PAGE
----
The Omega Speedmaster is Steeped in History

Omega Speedmaster

Few watches have kept enthusiasts excited for as long as the Omega Speedmaster has, and few have the history and legacy. Though it started life as a motorsport-related timepiece, the Speedmaster earned its iconic “Moonwatch” nickname in 1962 when astronaut Walter Schirra wore one on a Mercury mission.

Today, Omega makes a dizzying number of special editions, limited models, and themed models with ties to sport and racing. The original is still on sale, however, and remains one of the most affordable and wearable models in Omega’s vast catalog. 

Omega Speedmaster

The Speedmaster Professional honors its heritage by retaining a hand-wound movement and unique Hesalite crystal. The Omega 1861 movement offers a 48-hour power reserve, so you won’t have to wind the watch every day. Hesalite, a brand name for what is essentially plexiglass, was used to avoid the risk of shattered glass or crystal in space. Omega still uses the material today, which gives the Speedmaster Professional a unique vintage look.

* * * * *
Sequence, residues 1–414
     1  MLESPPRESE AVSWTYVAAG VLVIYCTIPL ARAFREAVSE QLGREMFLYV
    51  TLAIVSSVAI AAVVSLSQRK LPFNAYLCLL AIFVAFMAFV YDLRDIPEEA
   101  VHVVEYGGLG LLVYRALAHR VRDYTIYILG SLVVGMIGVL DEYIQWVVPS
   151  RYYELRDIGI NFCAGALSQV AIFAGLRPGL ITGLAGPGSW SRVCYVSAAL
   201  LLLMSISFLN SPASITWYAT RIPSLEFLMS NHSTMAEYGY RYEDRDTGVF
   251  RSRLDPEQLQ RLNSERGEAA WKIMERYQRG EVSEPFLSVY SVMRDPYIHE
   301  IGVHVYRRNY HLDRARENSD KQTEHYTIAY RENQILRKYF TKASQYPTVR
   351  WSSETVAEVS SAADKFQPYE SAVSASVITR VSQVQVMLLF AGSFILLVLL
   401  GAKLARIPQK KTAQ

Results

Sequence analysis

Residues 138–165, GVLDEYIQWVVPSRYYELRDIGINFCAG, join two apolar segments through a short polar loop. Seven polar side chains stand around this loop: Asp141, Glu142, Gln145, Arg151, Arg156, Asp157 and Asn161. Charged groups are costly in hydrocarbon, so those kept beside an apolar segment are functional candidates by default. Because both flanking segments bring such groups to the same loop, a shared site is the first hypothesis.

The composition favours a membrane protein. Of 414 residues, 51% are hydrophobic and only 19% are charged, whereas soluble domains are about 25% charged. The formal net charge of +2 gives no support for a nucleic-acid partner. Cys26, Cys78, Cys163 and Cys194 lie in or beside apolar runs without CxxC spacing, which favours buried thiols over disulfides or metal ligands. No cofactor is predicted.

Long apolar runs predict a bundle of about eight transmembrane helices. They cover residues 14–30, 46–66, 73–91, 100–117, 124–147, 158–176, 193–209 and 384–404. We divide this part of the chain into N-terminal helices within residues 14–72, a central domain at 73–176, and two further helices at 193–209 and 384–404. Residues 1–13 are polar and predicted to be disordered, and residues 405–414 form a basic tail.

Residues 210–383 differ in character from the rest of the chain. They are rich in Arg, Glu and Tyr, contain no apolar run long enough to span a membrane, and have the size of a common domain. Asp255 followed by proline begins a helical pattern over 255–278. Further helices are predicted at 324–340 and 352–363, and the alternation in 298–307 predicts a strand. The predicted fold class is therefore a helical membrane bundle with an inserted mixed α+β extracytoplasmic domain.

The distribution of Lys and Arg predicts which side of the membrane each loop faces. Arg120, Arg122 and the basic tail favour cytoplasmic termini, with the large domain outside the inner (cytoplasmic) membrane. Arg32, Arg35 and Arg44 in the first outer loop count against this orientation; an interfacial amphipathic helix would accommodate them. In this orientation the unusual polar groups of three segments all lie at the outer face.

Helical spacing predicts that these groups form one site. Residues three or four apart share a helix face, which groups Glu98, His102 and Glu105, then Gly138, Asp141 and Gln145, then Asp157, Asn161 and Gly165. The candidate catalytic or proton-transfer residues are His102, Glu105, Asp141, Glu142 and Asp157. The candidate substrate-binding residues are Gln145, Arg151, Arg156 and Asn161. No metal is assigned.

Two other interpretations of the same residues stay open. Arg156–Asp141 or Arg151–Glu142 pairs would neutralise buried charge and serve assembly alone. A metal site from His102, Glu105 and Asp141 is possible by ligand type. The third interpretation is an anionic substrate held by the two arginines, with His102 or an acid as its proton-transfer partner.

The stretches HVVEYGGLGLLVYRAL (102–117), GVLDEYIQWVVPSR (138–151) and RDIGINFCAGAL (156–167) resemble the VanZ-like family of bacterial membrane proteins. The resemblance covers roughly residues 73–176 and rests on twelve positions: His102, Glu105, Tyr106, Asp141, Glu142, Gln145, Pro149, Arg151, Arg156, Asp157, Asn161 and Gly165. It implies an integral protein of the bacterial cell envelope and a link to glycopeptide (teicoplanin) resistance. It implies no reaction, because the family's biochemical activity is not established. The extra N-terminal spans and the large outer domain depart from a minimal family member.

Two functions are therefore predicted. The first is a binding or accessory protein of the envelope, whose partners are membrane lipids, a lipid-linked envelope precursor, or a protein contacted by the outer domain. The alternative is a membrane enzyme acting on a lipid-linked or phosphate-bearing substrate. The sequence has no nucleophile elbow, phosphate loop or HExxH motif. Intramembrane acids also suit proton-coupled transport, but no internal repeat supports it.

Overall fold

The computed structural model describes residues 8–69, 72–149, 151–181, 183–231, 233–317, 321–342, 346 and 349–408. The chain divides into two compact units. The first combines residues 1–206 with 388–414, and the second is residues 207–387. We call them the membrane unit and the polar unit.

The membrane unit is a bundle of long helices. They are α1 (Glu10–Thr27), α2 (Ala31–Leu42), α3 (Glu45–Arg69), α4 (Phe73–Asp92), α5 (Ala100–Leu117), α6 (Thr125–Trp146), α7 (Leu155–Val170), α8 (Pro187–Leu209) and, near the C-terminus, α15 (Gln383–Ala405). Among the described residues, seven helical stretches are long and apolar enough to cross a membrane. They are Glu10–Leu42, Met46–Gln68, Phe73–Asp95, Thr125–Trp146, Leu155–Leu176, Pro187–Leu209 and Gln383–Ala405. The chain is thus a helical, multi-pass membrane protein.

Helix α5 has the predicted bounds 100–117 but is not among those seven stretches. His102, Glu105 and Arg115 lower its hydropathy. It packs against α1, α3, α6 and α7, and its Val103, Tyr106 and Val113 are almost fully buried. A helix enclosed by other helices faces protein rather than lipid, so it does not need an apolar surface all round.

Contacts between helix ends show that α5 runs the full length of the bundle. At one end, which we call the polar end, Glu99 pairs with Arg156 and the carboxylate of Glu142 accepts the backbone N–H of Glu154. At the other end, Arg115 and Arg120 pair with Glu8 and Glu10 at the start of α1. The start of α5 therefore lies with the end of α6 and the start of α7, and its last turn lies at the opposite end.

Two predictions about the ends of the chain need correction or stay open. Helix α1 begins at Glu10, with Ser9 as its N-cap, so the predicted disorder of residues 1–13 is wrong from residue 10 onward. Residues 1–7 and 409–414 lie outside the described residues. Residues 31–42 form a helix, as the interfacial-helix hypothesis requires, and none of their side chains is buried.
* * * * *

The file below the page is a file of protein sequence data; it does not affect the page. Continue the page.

Some variants come in case sizes that exceed 44mm, but the classic 42mm size is still alive and kicking. Stainless steel is the traditional Speedmaster metal, but Omega offers precious metal options for those wanting more flash. At the same time, the Speedmaster isn’t a water sports watch, as it only offers a water resistance of 50m/167 feet. 

Omega Speedmaster

If you’re shopping for an Omega Speedmaster Professional today, you have a few options. Omega has made the watch with a sapphire caseback or solid caseback in recent years, and the “sapphire sandwich” models tend to be more desirable. You also have a choice between a strap or bracelet, though it’s always advisable to get the bracelet up front to save money buying one separately later.

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